Atlanta Orders In: Mukja Korean Fried Chicken has a secret sauce — passion

This takeout order from Mukja Korean Fried Chicken includes a whole fried chicken with sauces, fries, pickled radish and sides. Wendell Brock for The Atlanta Journal-Constitution
Caption
This takeout order from Mukja Korean Fried Chicken includes a whole fried chicken with sauces, fries, pickled radish and sides. Wendell Brock for The Atlanta Journal-Constitution

Credit: Wendell Brock

Credit: Wendell Brock

Young owners put contemporary spin on the bird at their new restaurant in Midtown

Sean Chang grew up in a Korean-American family in Buford and enrolled at the University of Georgia with plans to go to med school. It didn’t take him long to see the experience wasn’t for him. “I just was very unhappy,” said the Los Angeles-born Chang, now 23. “It just didn’t fit right with me. I did not want to spend the rest of my 20s studying.”

What he did love were the connections made through food. On Friday nights, he’d cook a meal in the communal kitchen of his dorm, then feed whomever dropped in hungry. He pondered the idea of a career in restaurants, but he felt such a move might disappoint his family.

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Peter Chung (left) and Sean Chang are the owner-operators of the new Mukja Korean Fried Chicken. Courtesy of Elena Veselova/Veselovaphoto.com
Caption
Peter Chung (left) and Sean Chang are the owner-operators of the new Mukja Korean Fried Chicken. Courtesy of Elena Veselova/Veselovaphoto.com

Credit: Elena Veselova

Credit: Elena Veselova

And, then, on Jan. 31, 2016, something happened that made him rethink where he was headed in life. Driving home from Athens alone late at night, he had a car accident that left him paralyzed from the waist down. When he returned to college, using a wheelchair, he transferred to Georgia State, where he studied hospitality.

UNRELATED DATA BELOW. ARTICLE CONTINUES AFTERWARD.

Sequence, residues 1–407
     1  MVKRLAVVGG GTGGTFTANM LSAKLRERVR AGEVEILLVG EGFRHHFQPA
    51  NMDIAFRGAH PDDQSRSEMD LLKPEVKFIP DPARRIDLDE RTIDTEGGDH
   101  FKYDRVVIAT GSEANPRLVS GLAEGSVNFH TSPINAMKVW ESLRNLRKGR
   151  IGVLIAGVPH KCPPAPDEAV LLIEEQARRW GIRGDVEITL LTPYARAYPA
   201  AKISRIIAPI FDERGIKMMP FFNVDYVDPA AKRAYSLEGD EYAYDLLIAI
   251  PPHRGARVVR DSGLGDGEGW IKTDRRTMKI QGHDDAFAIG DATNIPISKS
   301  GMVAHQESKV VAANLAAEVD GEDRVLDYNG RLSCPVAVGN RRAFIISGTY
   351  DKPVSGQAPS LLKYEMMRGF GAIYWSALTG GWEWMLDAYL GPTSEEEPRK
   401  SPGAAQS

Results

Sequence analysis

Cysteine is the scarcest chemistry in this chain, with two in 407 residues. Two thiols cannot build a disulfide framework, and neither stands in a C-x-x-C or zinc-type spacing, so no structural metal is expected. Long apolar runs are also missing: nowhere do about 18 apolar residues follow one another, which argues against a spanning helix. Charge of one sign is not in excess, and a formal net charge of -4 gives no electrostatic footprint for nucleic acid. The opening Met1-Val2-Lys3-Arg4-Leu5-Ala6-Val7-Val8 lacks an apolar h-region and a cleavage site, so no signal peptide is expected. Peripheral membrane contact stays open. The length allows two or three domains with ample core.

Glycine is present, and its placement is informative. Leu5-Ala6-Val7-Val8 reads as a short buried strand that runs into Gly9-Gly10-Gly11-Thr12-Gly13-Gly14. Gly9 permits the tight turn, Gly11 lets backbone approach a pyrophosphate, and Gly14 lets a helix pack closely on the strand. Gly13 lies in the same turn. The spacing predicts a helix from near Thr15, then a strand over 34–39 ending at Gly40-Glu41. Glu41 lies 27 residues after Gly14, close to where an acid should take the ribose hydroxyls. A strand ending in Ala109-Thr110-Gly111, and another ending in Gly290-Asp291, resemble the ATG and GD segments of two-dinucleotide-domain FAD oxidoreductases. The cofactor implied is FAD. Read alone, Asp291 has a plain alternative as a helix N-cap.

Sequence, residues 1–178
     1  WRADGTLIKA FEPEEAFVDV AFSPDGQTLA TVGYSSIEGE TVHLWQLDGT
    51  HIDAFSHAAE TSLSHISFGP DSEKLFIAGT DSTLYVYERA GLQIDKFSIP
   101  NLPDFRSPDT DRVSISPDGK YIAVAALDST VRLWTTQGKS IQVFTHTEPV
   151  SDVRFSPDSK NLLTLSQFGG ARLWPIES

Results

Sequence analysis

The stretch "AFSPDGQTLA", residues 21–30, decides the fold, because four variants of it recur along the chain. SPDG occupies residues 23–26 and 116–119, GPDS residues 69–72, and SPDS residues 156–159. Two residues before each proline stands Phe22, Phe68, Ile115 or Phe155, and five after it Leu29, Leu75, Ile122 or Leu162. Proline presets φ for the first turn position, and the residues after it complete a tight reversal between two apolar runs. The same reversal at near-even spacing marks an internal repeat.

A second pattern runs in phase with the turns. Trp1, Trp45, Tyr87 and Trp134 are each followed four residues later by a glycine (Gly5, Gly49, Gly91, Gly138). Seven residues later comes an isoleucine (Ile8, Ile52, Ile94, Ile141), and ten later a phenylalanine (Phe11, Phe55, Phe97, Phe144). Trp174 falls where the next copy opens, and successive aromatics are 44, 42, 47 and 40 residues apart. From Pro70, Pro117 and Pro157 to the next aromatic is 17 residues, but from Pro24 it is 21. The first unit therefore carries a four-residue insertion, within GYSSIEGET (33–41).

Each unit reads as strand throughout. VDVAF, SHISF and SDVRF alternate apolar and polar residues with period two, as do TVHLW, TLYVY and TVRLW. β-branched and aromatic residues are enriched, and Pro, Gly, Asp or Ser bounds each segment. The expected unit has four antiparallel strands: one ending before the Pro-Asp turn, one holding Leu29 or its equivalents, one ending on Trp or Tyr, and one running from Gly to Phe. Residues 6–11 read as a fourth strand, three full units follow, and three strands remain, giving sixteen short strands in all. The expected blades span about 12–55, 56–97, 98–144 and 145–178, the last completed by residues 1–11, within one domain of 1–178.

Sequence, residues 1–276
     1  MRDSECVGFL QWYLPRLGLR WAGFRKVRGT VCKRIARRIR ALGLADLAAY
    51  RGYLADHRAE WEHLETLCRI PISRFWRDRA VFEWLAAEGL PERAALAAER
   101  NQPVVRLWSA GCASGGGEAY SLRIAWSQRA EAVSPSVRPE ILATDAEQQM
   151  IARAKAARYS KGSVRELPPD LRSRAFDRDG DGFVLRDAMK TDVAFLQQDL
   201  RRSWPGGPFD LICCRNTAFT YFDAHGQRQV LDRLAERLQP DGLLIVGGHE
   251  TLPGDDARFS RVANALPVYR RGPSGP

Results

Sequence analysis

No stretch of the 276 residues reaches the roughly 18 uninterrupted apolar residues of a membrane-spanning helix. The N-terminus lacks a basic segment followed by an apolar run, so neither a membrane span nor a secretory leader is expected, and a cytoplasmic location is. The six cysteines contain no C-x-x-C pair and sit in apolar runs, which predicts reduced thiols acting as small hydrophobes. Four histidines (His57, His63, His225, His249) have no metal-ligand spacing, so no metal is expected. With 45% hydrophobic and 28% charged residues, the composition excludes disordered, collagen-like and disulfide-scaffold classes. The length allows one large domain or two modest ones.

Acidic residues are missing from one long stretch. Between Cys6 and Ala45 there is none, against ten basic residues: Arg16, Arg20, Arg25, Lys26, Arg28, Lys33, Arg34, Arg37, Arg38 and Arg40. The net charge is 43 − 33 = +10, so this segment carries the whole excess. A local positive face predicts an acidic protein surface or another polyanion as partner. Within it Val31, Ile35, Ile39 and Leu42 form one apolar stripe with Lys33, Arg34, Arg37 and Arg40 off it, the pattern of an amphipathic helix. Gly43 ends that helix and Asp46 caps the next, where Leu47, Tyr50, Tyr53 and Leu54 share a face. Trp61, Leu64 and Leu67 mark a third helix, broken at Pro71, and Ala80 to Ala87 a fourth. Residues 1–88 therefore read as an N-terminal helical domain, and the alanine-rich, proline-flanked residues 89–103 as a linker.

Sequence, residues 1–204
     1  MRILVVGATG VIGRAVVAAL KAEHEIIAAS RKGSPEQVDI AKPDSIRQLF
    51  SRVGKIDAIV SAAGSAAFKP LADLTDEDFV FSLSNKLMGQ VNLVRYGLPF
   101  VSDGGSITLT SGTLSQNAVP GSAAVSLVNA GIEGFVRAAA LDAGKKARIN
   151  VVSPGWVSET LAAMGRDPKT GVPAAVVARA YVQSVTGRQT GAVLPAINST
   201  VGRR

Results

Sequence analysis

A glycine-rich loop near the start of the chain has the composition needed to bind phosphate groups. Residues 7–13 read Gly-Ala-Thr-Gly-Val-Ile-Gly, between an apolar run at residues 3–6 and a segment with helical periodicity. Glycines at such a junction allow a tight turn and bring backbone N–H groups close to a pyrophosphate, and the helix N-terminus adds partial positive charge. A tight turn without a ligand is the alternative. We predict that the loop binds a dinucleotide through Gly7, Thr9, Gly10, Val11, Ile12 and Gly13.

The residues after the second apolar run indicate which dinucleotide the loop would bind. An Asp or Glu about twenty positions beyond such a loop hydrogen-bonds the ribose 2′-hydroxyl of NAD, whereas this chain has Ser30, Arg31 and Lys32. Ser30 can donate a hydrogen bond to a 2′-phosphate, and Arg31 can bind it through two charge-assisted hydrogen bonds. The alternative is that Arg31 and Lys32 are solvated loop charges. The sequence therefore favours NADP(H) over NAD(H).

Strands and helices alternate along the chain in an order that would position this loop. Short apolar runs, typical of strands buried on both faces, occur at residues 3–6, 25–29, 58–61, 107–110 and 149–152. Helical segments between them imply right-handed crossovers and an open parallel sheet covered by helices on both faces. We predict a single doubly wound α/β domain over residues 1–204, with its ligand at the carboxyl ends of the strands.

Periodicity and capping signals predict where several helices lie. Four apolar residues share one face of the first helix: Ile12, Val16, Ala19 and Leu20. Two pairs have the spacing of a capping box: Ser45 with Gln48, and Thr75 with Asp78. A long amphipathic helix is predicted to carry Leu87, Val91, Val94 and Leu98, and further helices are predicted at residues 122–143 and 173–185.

Mukja Korean Fried Chicken serves an Atlanta classic — chicken and waffles — with a Korean spin. / Credit: Elena Veselova /  veselovaphoto.com
Caption
Mukja Korean Fried Chicken serves an Atlanta classic — chicken and waffles — with a Korean spin. / Credit: Elena Veselova / veselovaphoto.com

In October, Chang and his partner, Peter Chung, unveiled Mukja Korean Fried Chicken in the Metropolis condominium in Midtown. The two had toyed with the idea of opening a teriyaki spot called Chung & Chang. But, in the end, fried chicken spoke to their backgrounds as Korean-Americans planted in the South and straddling two cultures — Kentucky fried and Korean fried. (Chung, 24, grew up in John’s Creek and studied at Georgia Tech.)

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Customers wait for orders at Mukja Korean Fried Chicken. Wendell Brock for The Atlanta Journal-Constitution
Caption
Customers wait for orders at Mukja Korean Fried Chicken. Wendell Brock for The Atlanta Journal-Constitution

Credit: Wendell Brock

Credit: Wendell Brock

Also, who doesn’t love fried chicken?

Chang certainly does, as I discovered in a recent interview in which he described in some detail the various techniques of butchering, battering, frying and saucing (or not saucing) the chicken. “I was just obsessed with Korean fried chicken,” said Chang, who has gnawed his ancestral bird from Southern California to Suwanee.